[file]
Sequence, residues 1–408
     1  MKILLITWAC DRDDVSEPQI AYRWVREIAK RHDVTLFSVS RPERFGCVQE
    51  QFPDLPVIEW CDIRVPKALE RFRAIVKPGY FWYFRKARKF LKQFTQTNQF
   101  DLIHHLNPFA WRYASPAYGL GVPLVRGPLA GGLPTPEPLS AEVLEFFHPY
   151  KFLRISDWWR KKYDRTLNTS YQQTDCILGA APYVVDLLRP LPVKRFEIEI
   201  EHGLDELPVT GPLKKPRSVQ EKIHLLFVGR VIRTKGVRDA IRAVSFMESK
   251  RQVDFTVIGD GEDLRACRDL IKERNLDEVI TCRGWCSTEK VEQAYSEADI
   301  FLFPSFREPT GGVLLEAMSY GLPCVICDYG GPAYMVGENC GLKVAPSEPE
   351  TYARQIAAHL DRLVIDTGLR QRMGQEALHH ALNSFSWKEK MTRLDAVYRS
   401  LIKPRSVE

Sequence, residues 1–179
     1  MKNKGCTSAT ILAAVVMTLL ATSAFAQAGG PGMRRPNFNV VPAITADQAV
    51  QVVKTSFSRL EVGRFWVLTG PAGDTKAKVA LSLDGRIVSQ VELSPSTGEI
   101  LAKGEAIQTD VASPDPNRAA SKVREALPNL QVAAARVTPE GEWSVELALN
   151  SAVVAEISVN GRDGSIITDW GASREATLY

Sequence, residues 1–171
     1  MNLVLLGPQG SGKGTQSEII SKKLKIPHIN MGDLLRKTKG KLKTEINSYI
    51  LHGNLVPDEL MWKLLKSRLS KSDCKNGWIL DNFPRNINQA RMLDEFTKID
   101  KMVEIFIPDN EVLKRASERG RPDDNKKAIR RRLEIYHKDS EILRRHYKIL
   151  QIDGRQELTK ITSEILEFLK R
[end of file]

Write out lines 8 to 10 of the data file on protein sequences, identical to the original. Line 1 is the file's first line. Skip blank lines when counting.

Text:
   301  FLFPSFREPT GGVLLEAMSY GLPCVICDYG GPAYMVGENC GLKVAPSEPE
   351  TYARQIAAHL DRLVIDTGLR QRMGQEALHH ALNSFSWKEK MTRLDAVYRS
   401  LIKPRSVE